Published on 15 Oct 2022

Pre-schoolers from struggling families get leg up with therapy, financial and social support

The support programme also includes small group lessons and social-emotional lessons. ST PHOTO: NG SOR LUAN

SINGAPORE - Kevier Loe often missed kindergarten in early 2022 because his hawker parents were afraid he would get Covid-19 whenever there were cases in school.

They were worried their livelihood would be affected if their six-year-old spread the infection to them.

But they were persuaded by My First Skool to send him back to school regularly, as part of a broader intervention that helps 5,000 pre-school pupils a year from lower-income families.

The support programme includes speech and other therapy support, small group lessons, social-emotional lessons, as well as financial and social assistance.

Pre-school operator NTUC First Campus said on Thursday that such a programme helps to narrow the gap between less advantaged children and their peers, based on a study it conducted in collaboration with National Institute of Education (NIE).

The three-year study, which started in 2019, tracked the well-being and learning progress of 58 children from 10 My First Skool centres, from the time they were in Kindergarten 1 to when they began Primary 1 in 2021.

The children who went through the programme showed improvement in their language and cognitive skills, moving from a below-average score of 88.63 to a score of 90 to 100 for their academic abilities, which is on a par with the national average for children of their age.

Some 30,000 children from the 146 My First Skool centres have participated in the programme since it started in 2016. They come from families with a household income of $4,500 or less per month, or may have mild developmental or learning needs.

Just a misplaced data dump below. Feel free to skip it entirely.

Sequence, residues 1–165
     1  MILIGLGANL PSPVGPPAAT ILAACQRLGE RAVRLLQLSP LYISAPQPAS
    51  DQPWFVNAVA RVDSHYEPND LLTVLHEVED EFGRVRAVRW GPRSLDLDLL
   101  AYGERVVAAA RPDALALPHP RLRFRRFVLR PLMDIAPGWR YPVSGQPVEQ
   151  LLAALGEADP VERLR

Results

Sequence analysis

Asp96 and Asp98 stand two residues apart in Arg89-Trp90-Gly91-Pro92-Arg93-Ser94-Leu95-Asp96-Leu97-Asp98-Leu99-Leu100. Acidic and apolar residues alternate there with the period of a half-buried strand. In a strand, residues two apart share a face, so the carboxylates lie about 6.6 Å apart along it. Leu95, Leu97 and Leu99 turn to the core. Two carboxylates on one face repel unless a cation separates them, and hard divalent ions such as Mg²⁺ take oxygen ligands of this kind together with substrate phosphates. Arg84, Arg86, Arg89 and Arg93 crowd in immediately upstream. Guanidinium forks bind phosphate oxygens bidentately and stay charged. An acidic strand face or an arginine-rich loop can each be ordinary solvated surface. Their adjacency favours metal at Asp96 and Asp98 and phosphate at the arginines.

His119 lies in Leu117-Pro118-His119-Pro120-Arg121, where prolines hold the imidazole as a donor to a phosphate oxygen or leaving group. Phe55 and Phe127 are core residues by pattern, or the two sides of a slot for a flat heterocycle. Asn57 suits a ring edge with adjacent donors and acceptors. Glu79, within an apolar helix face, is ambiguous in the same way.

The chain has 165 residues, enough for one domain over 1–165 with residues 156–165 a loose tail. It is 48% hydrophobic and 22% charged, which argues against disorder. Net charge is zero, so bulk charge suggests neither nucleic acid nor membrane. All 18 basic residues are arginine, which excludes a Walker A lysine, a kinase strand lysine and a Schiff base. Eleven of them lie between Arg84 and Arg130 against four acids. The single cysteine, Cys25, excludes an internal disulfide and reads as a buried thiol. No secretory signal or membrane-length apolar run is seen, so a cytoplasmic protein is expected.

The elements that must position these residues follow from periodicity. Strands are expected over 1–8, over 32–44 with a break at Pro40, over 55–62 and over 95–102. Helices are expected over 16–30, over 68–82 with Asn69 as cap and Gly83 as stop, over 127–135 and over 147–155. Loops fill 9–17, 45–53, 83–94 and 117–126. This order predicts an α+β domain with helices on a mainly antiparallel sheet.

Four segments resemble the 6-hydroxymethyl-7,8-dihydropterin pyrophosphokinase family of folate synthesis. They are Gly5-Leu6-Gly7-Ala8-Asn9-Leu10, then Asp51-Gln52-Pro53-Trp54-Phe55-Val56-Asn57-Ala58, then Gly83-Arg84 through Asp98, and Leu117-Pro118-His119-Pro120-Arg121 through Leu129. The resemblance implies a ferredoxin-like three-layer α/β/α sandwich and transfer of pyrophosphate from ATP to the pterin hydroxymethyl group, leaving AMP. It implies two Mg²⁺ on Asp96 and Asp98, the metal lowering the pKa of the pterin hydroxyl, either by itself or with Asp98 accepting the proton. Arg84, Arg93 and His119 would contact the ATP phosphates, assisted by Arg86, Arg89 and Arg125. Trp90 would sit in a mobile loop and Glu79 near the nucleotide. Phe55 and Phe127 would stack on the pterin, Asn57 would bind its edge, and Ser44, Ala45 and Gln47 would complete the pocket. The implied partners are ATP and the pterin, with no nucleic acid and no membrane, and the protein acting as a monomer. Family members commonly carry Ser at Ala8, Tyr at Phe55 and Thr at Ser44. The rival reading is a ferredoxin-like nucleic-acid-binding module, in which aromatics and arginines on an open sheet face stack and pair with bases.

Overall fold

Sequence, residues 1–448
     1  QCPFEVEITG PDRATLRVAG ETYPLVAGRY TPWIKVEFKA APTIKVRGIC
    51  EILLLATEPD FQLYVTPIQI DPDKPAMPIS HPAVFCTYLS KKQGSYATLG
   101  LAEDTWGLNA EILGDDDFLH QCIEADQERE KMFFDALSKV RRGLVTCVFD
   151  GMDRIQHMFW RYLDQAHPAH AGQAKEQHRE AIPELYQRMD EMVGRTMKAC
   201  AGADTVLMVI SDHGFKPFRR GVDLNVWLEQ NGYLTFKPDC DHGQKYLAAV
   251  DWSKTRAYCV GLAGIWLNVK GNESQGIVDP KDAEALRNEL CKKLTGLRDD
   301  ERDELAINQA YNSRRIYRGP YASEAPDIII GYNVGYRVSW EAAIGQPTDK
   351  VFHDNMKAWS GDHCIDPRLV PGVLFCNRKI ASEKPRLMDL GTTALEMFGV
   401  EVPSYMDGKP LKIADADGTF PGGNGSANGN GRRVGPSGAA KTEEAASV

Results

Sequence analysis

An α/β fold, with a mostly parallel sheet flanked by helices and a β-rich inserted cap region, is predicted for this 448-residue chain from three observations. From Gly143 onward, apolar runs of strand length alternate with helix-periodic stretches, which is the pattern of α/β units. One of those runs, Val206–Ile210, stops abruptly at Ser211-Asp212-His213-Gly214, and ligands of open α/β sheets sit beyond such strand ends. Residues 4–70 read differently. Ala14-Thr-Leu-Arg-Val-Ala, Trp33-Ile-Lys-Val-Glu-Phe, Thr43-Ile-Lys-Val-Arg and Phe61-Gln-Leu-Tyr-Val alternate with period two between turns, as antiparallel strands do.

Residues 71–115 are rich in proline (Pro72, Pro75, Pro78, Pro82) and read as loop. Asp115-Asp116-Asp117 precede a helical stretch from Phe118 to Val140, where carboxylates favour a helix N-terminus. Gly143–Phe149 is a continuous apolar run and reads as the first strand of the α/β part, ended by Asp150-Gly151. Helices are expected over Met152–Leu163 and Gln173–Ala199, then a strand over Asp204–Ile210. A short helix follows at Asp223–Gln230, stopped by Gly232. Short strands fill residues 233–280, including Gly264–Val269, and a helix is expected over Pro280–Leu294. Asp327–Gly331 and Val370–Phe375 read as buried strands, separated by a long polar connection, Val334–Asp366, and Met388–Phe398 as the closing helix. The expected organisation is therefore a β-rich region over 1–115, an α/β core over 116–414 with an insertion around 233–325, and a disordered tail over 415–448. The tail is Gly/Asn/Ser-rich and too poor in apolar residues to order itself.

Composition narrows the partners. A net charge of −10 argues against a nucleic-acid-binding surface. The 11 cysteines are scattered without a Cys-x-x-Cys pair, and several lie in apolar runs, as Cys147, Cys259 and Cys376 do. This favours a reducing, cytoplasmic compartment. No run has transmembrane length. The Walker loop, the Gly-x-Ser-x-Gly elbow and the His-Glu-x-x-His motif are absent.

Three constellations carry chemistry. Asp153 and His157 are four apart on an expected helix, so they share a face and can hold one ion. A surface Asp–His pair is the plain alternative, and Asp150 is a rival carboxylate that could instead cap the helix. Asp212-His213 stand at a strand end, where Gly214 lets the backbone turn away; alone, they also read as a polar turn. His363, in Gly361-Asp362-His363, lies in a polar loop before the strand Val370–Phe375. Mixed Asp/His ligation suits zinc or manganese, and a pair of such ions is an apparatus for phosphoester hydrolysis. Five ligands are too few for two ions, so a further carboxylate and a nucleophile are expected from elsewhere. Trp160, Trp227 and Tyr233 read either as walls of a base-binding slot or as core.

NTUC First Campus, whose pre-school brands include My First Skool, taps a fund to subsidise school fees and assist struggling parents who are low-wage workers when, for instance, their children are ill and they are temporarily unable to work and earn an income.

The parents can also attend workshops on children's nutrition and caregivers' mental well-being as part of the programme.

Children with learning needs under the programme are taught in small groups with one teacher to five pupils, compared to the normal class size of 20.

NTUC First Campus has 90 classroom co-facilitators, in-house therapists, learning support educators and early interventionists, as well as staff with social work backgrounds to provide financial support, well-being programmes and parenting workshops.

They work with the parents, family service centres and the Child Protective Service to support the children.

Kevier's mother, Ms Ooi Poh Kim, said he had trouble with English pronunciation, and it did not help that the parents speak only Mandarin at home. He received focused language assistance and occupational therapy to help with this.

Social emotional lessons also helped him control his temper, said Ms Ooi.

"He became more mature," said the 43-year-old who has another son in Primary 3. "He fights less with his brother and will now practise English at home with him."

Ms Louisa Chng, chief child support officer at NTUC First Campus, said it aims to support 7,000 children a year by 2025.

Read the original article on The Straits Times.

Source: The Straits Times © SPH Media Limited. Permission required for reproduction.

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